Former Session Topper Given Away as Zayat Liquidation Continues

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Ahmed Zayat | Susie Raisher

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After nine months under court-appointed receivership to liquidate and manage its remaining equine assets, the insolvent Zayat Stables, LLC, is down to 12 remaining horses at eight locations, according to an October status report filed Nov. 11 in Kentucky’s Fayette Circuit Court.

One formerly valuable colt had to be given away during the most recent month of transactions: Lexington-based receiver Elizabeth Woodward wrote that she released the ownership of a 3-year-old Empire Maker–Duke’s Dream colt “to offset boarding, training and veterinary charges which exceeded the estimated fair market value of the horse.”

That colt was the seventh-session KEESEP sales topper in 2018, acquired for $450,000 in a partnership purchase between Zayat Stables and St. Elias Stable. The receiver’s report, however, stated Zayat Stables had 100% ownership interest in the colt at the time he was relinquished.

“He looked the part,” Zayat told TDN back in 2018 just after the hammer fell. “He was very well-balanced, he had a great walk and a great pedigree…. Everything was going for him.”

In more general terms concerning the financial state of Zayat Stables, the report stated that “As of Oct. 31, 2020, the Receiver has collected approximately $1,624,277 through the collection of purse proceeds and other funds held for Zayat Stables and from sales of the horses referenced herein. She has expended approximately $1,029,293 on operations, such as board bills, veterinary bills, and administrative fees and commissions necessary to be paid for the sales to date.”

Woodward reported the collection of $135,068 from the September sale of an American Pharoah–La Vita Bella yearling as the largest single transaction since her last report was filed with the court. That filly hammered at FTKSEP for $300,000.

Two of Zayat Stables’ horses raced in October: Bob and Jackie (Twirling Candy) ran third in the Oct. 3 GII City of Hope Mile S. at Del Mar, earning $24,000. Alex Joon (Flatter) ran second in an Oct. 29 N1X allowance at Churchill Downs, earning $9,800.

Zayat Stables was ordered into receivership back in January as part of a $24.5 million civil lawsuit by MGG Investment Group, LP, a lender alleging fraud and loan defaults by  Ahmed Zayat and his family-owned bloodstock and racing operation.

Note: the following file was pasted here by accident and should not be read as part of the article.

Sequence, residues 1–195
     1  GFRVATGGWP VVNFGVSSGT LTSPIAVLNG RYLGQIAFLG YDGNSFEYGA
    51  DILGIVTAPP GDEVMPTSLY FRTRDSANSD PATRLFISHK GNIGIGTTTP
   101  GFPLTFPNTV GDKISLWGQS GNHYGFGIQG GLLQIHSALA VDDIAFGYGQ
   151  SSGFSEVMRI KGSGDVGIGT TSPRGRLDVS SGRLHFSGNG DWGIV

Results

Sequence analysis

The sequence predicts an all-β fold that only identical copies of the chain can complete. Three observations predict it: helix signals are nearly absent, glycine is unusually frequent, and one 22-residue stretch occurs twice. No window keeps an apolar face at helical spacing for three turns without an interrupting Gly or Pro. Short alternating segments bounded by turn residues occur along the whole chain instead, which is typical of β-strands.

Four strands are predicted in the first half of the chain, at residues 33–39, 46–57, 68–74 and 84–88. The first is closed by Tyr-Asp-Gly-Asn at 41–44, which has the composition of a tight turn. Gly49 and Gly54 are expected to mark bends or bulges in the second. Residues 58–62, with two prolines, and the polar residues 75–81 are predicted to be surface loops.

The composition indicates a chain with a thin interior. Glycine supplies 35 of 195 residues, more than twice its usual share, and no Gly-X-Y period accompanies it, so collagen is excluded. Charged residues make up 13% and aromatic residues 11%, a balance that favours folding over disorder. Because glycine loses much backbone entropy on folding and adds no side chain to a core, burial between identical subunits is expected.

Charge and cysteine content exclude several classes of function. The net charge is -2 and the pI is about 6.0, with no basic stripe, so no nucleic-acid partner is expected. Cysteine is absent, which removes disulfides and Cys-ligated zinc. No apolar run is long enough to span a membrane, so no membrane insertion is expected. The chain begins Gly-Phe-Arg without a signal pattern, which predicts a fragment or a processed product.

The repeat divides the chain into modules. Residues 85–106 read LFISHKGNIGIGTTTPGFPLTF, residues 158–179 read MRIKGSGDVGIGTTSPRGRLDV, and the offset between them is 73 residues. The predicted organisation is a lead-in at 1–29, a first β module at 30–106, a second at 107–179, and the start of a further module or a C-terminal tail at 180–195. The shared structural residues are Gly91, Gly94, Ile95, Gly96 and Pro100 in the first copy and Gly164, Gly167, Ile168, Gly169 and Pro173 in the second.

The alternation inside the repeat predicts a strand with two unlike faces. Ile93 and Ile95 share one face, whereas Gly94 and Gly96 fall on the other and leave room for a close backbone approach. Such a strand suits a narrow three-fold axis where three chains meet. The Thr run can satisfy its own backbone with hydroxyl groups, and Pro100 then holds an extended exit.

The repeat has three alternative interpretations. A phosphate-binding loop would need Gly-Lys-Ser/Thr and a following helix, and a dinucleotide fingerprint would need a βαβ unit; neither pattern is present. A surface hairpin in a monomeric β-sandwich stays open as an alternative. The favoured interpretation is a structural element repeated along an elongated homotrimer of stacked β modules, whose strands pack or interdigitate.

That lawsuit revolves around accusations that Zayat Stables hid the proceeds from the sale of nine lifetime breeding rights shares to 2015 Triple Crown winner American Pharoah, plus at least 15 other “valuable racing Thoroughbreds” the lender held as collateral.

The MMG suit is one of three intertwined and currently active court cases involving Ahmed Zayat and his racing stable.

In a federal Chapter 7 bankruptcy petition filed by Ahmed Zayat Sept. 8, Thoroughbred trainers, horse farms, bloodstock businesses, veterinarians, and equine transportation companies were among 132 entities listed as creditors. They are due $14,755,1717 in “non-priority unsecured claims,” which means they are at the bottom of the hierarchy to get paid–if they get paid at all. Zayat Stables is listed as a co-debtor to 112 of those 132 non-priority unsecured claims.

Separately, Ahmed Zayat’s former financial advisor is among the entities who initiated a Sept. 14 federal “involuntary bankruptcy” petition against Zayat’s family-owned racing stable.

Although once prevalent, involuntary bankruptcy proceedings are now relatively uncommon in U.S. courts. They are designed to protect creditors, not debtors, and are often filed against companies (as opposed to individuals) as an attempt to get paid when it is believed that a firm is rapidly burning through assets and/or financial malfeasance is alleged.

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